Essay - Impact of Performance-related Pay on Motivation and Job Satisfaction of...


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Impact of Performance-Related Pay on Motivation and Job Satisfaction of Sales Personnel in the Computer Industry with Recommendations to Improve Management Practices

MBA Dissertation Proposal

*****

Selected Topic Area:

***** topic area selected for the proposed dissertation concerns employee motivation and job satisfaction and what impact incentive pay has on these areas.

Definiti*****s ***** Key Terms:

Job Satisfaction: For the purposes of ***** ***** study, this term will follow the definition provided by Heiskanen and Hearn (2003) which states that job satisfaction is "a ple*****surable or positive emotional state resulting from ***** appraisal of one's job or ***** experiences" (p. 129).

Per*****mance-Related Pay: For the purposes of the proposed study, this term ***** refer to all incentive ***** schemes ***** link an employee's performance with ***** amount of money the employee receives as a result (Dean, 2002).

***** of the Proposed Study.

The scope of ***** proposed ***** will extend to an analysis of how performance-related pay is used in other countries but will focus specifically on the United States.

Limitations.

***** ***** the fundamental limitations anticipated in the proposed dissertation is the ability to generalize the study's findings to other industries; however, the use of ***** pay is used in a variety of industries and the findings ***** the ***** study are expected to be applicable, at least in a general fashion, to companies and industries with similar motivation programs currently in place or ***** are anticipating adopting them.

Importance of Topic:

Employee ***** can have an enormous ***** on ***** organization's performance ***** profitability. Properly administered, certain companies have found that performance-related ***** can result in improved employee motivation and ***** (Sims, 2002).

***** Review

Because job satisfaction and employee motivation are *****extricably related ***** organizational performance and profitability, it is little wonder these topics have been the focus of numerous studies over ***** years. Some ***** the more prominent theories ***** theorists ***** discussed further below.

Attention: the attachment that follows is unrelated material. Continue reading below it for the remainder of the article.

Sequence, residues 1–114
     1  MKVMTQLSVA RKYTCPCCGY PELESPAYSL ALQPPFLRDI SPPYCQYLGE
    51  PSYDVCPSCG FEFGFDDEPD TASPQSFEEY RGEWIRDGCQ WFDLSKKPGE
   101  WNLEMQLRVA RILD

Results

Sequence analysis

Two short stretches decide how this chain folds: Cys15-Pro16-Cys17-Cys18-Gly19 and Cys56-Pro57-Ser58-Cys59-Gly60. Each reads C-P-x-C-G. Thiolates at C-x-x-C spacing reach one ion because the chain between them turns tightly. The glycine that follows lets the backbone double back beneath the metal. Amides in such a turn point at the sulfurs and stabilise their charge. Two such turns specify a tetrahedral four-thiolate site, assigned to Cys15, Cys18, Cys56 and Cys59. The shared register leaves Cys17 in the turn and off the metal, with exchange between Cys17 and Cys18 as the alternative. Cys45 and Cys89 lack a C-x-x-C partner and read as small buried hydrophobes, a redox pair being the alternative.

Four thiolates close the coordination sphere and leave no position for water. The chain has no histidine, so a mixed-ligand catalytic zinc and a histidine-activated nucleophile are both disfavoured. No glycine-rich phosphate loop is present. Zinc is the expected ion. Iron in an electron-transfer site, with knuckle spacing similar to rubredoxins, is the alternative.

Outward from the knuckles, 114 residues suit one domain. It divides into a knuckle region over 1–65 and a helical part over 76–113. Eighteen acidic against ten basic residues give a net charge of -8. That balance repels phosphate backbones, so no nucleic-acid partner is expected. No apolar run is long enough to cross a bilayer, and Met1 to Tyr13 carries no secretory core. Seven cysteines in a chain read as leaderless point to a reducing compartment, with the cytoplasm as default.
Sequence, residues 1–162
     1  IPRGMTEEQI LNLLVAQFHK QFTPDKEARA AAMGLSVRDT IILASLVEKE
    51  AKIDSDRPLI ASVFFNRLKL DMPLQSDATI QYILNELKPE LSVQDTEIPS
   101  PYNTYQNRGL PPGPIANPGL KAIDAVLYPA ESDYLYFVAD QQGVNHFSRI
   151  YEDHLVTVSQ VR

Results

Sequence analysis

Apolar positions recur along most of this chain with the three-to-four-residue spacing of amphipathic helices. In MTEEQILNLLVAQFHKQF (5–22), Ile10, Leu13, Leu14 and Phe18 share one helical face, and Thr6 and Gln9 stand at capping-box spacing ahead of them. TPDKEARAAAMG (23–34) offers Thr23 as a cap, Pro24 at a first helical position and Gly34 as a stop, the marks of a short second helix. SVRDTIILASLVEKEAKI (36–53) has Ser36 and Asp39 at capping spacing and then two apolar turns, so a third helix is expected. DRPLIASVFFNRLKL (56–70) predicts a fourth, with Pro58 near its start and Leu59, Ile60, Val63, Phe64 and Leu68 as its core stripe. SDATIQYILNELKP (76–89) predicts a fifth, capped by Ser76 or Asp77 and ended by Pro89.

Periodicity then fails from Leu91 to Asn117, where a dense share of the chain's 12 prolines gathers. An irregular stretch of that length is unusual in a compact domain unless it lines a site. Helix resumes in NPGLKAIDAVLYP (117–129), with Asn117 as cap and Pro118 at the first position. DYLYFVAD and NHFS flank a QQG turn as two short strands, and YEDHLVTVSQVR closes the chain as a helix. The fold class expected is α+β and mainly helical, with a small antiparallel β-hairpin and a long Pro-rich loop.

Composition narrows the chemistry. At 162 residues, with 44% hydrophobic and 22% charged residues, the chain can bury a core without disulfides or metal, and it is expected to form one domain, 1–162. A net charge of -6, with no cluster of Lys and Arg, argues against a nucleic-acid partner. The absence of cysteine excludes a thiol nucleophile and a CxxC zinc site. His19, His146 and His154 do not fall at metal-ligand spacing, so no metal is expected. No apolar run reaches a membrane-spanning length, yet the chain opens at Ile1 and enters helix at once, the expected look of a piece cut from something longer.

***** Theories.

***** Hierarchy of Needs. Based on his observations of human reactions to food scarcities during World War II, Abraham Maslow developed ***** hierarchy ***** needs that maintains humans must first satisfy basic needs such as air, water, *****, shelter and clothing before moving on to ***** higher level needs such ***** social needs and self-actualization (Green, 2002).

Expectancy Theories. Expectancy theorists such as Victor Vroom and Kurt Lewin, among others, argue generally that to the extent that *****s view high productivity ***** a me*****ns to achieving their own personal goals will likely be the extent to which these employees will ********** high producers in the work*****; conversely, to ***** ***** that low ***** is *****ed as a me*****ns to achieving such goals, such ***** will be low producers in the workplace (M*****er, 2002).

Herzberg's Motivator-Hygiene Theory. In an effort to improve job design and employee productivity, Frederick Herzberg and his colleagues conducted extensive interviews with two hundred engineers and accountants using the critical-incident method for data collection in 1959; based on ***** *****, Herzberg ***** his two-factor theory of

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